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A roommate for Bubba

One of the young lawyers in our office had her first jury trial last week, and she was asking around for pointers.  We've got some excellent criminal lawyers in the office, and she wanted to take advantage of that resource.

She figured she might as well ask me, too, so we talked about jury selection.  "What kind of juror do you think I should look for?"  That kind of question invariably leads to the Search for the Fantasy Juror, in which you conjure up a juror who possesses the attributes and attitudes that make him so pro-defendant he'd rather open a vein in the jury room during deliberations than vote to convict your client.  As might be indicated, that's pretty much an exercise in absurdity.  A month ago another lawyer and I tried a rape case involving a 31-year-old defendant and 13-year-old victim, who were strangers to each other, and our defense was consent.  ("Gee, Russ, how'd that go?"  "Not so well, but thanks for asking.")  We spent a little time on jury selection, and gave it up when we decided that our ideal juror was a single male in his 40's who spent at least $300 a month on pornography and phone sex.

I nodded sagely at her question.  "One who will acquit your client," I responded.  This Delphic response didn't go over so well; she rolled her eyes, mumbled something about being sure to hurry back the next time I had a fire sale on philosophical drivel, and left the room.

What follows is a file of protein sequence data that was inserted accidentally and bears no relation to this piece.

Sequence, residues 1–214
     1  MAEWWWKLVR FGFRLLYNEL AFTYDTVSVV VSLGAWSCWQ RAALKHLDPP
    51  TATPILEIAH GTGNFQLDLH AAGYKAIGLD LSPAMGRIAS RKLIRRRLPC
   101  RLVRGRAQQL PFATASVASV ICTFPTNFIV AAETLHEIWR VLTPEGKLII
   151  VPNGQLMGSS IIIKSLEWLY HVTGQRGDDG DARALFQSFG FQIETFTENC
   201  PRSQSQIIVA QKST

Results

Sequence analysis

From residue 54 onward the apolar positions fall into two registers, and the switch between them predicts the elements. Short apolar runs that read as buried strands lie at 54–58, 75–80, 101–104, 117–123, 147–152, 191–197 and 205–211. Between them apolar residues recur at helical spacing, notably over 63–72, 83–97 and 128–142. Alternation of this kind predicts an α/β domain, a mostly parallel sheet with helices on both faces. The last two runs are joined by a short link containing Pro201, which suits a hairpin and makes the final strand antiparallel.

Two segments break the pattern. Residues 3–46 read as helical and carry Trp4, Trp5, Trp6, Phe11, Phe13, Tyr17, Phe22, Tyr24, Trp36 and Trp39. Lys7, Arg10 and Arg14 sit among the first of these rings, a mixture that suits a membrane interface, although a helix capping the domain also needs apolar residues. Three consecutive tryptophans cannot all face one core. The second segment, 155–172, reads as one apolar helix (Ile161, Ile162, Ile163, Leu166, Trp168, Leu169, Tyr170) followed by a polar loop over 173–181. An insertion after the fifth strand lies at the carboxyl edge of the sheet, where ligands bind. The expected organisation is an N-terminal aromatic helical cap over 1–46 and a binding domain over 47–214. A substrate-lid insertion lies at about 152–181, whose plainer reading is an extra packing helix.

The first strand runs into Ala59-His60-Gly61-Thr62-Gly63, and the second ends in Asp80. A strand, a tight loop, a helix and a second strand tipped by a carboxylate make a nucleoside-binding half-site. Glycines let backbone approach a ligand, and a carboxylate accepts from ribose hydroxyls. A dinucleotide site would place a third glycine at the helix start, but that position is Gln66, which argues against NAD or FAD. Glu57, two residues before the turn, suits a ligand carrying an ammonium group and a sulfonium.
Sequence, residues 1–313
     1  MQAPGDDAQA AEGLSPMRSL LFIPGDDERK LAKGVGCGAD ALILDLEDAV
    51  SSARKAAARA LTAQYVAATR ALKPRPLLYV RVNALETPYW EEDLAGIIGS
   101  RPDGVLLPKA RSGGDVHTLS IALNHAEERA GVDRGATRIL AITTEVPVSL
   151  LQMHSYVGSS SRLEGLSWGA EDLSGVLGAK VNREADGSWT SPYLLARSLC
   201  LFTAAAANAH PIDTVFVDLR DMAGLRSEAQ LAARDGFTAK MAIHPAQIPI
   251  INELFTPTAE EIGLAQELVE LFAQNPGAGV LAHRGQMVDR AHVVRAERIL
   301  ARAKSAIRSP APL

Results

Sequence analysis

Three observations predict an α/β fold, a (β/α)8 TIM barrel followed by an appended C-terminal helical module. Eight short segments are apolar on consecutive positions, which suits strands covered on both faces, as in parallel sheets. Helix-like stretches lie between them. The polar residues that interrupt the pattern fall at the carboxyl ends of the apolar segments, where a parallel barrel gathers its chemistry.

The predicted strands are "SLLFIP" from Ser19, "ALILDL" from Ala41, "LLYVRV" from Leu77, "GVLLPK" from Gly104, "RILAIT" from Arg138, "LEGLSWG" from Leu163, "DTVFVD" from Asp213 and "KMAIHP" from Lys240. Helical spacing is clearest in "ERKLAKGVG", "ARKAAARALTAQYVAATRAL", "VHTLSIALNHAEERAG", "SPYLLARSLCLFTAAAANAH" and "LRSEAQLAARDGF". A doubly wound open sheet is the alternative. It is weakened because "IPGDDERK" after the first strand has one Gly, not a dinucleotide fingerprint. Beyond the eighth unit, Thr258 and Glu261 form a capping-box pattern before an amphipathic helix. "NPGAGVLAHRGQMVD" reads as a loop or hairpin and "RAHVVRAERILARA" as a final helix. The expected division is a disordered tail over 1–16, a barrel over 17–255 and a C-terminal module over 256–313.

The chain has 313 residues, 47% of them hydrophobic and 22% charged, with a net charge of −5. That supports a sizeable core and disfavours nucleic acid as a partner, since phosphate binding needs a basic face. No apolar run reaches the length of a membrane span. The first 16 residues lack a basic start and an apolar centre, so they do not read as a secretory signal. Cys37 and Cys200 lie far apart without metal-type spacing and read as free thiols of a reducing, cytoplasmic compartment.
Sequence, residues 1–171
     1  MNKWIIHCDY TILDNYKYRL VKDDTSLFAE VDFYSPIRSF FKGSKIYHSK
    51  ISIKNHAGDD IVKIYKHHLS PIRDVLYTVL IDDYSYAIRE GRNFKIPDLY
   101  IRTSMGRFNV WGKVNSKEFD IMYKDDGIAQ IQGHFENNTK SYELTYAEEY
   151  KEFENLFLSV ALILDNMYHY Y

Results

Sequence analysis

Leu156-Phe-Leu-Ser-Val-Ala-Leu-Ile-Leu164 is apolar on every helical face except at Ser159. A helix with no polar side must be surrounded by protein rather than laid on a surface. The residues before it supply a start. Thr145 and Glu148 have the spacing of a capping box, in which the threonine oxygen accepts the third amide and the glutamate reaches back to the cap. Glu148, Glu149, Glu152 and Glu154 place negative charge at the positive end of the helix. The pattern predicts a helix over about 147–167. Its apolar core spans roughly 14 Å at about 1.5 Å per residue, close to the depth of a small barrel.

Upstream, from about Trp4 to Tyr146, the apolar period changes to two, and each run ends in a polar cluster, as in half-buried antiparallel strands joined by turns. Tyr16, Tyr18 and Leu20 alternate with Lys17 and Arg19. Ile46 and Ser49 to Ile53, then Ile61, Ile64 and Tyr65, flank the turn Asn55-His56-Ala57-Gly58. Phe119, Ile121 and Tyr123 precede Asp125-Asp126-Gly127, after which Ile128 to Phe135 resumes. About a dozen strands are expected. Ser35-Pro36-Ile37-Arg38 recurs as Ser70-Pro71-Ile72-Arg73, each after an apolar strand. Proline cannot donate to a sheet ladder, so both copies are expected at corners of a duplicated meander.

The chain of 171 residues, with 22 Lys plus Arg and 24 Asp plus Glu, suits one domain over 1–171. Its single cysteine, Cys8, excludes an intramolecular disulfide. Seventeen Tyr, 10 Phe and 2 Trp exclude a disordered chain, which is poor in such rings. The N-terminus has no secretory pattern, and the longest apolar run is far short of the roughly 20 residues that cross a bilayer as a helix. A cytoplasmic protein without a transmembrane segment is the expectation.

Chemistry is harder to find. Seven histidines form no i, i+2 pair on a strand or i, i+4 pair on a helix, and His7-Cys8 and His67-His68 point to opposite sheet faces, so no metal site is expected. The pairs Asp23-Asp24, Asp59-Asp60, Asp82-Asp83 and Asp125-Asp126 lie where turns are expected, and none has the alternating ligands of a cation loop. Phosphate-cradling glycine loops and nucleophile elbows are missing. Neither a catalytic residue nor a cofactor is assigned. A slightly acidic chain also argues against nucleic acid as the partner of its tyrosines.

I dropped by to see how she was doing a couple days later, and wound up riding down on the elevator with her and her client on the lunch break.  It was a drug case, and the state had just rested.  The guy was also charged with having a weapon under disability, due to a prior misunderstanding about an armed robbery the police insisted he'd been involved in.  My friend had bifurcated the trial, so that the judge heard the weapons disability charge; that way, the jury wouldn't know about his prior conviction.

Unless, of course, he testified.  Which, apparently, he was pretty much intent on doing.  "I don't think you should hide things from the jury," he said, a noble, if decidely foolish, sentiment.

"Hiding a criminal record from a jury is generally a good thing," I said.

"Well, man, I got a way to explain that, though, see?  What I'd tell the jury is --"

"Hold it," I interrupted.  "Let me tell you what you'd tell them.  You'd tell them that in that other case you pled guilty, because you were guilty, and in this case you're innocent, so that's why you're taking it to trial.  Right?"

"Right," he mumbled grudgingly.

"Yeah, well, I've seen lawyers try that routine about a hundred times.  I'm still waiting for the time that it works."

My friend tried to sit on him, but he insisted on testifying.  The jury came back with a guilty verdict forty-five minutes later.

Like the old line:  Q.  What do you call someone who doesn't listen to his lawyer?  A.  An inmate.

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